Shown this past Thursday during the opening ceremonies of the 21st annual QuakeCon, Arkane Austin’s rebooted version of the alien-themed, 2006 game Prey looks to be a moody, freeform experience. You star as the primary subject of transhumanist experiments taking place on board a massive futuristic space station. Whether you are a man or a woman is up to you, but either way, your fate will be the same. Things, predictably, start going wrong almost immediately.
Not long before you take the reins as Morgan, the player character of Prey, the Talos 1 space station was taken over by aliens. You’ve seen them in the latest gameplay trailer – wispy clouds of inky black. In the demo, the first hostile encounter is with a mimic, a small shadow that can transform itself into objects in the environment. In other words, even that trash can in the corner might have a bone to pick with you. Stay cautious.
“What you’re trying to do initially is peel back the layers of mystery,” said Ricardo Bare, lead designer at Arkane Austin. “Who am I, and why am I here?” And, of course, where did all these aliens come from? From there the experience will spiral into something open-ended and complex, a first-person narrative experience blending stealth, combat, quiet exploration, and even a bit of psychological horror.
The prevailing wisdom has been that Arkane has been working on Prey since at least 2013, and that the project began as a reboot of the troubled sequel to the cancelled 2006 first-person shooter developed by Human Head Studios. According to Raf Colantonio, Arkane’s co-creative director, however, those rumors don’t hold much water.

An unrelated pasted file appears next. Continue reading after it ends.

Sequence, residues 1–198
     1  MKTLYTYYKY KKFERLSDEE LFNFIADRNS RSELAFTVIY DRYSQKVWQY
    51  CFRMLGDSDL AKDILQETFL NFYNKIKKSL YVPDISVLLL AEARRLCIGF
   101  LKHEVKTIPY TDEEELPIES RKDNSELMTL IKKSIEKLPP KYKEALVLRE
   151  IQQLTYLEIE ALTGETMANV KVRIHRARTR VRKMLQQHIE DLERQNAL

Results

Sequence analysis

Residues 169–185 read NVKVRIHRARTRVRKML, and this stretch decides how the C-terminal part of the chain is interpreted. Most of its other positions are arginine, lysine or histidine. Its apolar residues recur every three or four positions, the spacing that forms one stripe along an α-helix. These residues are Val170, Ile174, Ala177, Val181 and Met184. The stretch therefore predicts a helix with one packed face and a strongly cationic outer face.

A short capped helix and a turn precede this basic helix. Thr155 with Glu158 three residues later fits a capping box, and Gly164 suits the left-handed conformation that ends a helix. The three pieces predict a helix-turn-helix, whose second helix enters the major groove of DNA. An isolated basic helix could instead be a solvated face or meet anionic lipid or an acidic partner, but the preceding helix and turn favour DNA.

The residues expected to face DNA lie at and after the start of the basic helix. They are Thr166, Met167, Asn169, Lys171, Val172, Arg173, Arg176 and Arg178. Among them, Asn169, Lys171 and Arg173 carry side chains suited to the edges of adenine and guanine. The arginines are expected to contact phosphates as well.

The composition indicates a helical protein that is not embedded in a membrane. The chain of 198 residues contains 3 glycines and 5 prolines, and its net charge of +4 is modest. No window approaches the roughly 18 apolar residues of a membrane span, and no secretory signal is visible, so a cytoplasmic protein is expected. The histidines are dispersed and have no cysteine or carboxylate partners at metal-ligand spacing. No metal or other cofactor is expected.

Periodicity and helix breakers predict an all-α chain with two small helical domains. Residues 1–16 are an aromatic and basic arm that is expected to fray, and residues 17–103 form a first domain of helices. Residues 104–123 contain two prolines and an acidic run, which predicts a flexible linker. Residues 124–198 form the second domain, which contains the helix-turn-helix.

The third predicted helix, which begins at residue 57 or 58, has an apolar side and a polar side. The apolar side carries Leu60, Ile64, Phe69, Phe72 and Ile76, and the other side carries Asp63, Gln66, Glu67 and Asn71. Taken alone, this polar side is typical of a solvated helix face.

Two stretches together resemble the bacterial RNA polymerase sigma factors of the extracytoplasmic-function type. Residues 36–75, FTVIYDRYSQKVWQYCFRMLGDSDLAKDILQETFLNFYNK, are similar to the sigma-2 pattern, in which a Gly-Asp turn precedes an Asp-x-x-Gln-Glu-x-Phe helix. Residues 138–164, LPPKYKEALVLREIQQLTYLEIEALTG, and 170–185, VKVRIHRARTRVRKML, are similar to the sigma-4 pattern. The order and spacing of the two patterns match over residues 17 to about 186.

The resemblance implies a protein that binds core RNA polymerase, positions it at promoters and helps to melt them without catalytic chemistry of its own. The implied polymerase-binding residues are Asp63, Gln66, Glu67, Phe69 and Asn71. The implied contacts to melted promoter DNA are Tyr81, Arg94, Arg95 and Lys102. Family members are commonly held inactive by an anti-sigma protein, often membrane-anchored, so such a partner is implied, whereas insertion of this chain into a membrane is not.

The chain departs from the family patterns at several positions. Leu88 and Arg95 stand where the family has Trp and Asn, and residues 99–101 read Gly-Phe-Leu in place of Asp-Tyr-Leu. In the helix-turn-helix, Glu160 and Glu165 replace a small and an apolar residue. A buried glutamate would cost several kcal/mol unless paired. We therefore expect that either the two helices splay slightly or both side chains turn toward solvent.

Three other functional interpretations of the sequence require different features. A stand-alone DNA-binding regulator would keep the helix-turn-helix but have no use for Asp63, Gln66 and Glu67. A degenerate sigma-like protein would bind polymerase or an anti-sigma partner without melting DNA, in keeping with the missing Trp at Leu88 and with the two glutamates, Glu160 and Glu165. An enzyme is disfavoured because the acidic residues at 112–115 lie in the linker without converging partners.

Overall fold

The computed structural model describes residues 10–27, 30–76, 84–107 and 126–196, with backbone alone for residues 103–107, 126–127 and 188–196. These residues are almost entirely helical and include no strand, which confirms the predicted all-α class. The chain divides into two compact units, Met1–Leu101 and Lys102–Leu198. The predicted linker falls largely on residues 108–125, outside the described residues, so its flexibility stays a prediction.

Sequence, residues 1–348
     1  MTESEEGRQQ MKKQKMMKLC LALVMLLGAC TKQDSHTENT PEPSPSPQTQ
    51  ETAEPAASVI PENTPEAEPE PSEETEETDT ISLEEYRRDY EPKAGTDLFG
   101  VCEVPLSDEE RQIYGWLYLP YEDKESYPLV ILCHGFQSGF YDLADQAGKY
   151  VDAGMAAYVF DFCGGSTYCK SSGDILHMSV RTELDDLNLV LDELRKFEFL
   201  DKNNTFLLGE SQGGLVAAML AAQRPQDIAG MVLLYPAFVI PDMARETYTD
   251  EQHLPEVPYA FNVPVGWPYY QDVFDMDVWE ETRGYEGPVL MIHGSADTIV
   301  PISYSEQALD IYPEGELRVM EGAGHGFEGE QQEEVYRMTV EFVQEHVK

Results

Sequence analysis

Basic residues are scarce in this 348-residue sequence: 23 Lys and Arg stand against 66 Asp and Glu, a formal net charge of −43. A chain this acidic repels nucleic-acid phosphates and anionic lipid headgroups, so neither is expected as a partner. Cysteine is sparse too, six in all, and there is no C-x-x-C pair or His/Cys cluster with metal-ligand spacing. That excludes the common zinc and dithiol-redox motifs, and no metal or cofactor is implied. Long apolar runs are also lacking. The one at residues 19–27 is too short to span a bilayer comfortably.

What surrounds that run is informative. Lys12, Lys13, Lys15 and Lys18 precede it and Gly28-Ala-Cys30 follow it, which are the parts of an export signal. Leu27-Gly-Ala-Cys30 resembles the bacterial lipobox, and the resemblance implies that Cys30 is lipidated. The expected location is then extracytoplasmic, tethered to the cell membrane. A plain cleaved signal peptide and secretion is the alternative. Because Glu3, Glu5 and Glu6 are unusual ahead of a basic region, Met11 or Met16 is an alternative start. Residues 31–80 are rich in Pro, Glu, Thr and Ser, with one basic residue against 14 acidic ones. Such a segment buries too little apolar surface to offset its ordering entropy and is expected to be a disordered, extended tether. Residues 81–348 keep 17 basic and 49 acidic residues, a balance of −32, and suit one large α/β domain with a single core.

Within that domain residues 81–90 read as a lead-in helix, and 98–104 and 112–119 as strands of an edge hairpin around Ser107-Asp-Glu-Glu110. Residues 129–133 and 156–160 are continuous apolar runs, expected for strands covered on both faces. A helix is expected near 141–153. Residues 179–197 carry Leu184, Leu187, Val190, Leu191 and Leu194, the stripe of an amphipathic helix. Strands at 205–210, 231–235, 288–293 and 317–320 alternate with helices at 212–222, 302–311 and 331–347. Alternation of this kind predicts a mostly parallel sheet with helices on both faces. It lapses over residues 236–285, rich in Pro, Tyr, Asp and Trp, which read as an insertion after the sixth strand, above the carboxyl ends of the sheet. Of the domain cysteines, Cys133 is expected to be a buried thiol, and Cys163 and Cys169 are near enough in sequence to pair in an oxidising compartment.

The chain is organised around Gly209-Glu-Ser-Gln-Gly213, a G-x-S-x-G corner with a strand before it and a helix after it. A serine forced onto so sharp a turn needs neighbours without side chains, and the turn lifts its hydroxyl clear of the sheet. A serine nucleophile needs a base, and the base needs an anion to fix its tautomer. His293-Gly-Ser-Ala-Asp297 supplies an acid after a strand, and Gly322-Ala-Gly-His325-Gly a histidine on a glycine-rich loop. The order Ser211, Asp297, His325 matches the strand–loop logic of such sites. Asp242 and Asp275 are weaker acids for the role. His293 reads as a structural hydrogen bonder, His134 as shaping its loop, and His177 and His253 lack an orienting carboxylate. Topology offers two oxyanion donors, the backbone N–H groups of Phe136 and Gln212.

“We were never working on a game related to the original Prey,” he said. So why go with the name? “As far as the high concept goes, it made sense,” Raf said. “We do a specific kind of game – player-based games where simulation is important, and in this case, we wanted to do one in space. It made sense for us to call it Prey,” adding: “It’s a cool name.”
Games that prize player choice and complicated, overlapping sets of game systems to mess with are often called “immersive sims”: past examples include Dishonored, Thief, Deus Ex – and the genre traces its origins all the way back to the original System Shock in 1994.
The Talos 1 is a vast complex, an enigmatic place that’s haunted by an alien menace with its own set of systemically implemented behaviors and agenda. To combat them, you’re given transhuman abilities, some of which imitate the aliens themselves. At times, the player uses the same abilities as the mimics, turning into coffee cups and pieces of junk, using the disguise to avoid violence or move through tiny, otherwise inaccessible pathways.
Immersive sims, Colantonio and Bare told me, are rare creatures in the industry, difficult and complex to make and somewhat inaccessible for the casual player. For Arkane, though, these games hold intrinsic value. They’re hoping Prey, with its space station in the middle of disaster and the eerie alien menace – Bare described them as “almost paranormal seeming” – will showcase the beautiful alchemy of the immersive sim’s complexity.
Oh, and those mimics? Don’t get comfortable just because you’ve been through an area before and think you know where they are. “That’s not scripted,” said Bare. “That’s an AI behavior. They scan the environment and go, oh, there’s 10 different things I can turn into here, and they pick one. It can even happen that you mimic something to hide, and then a mimic can come up and mimic you.”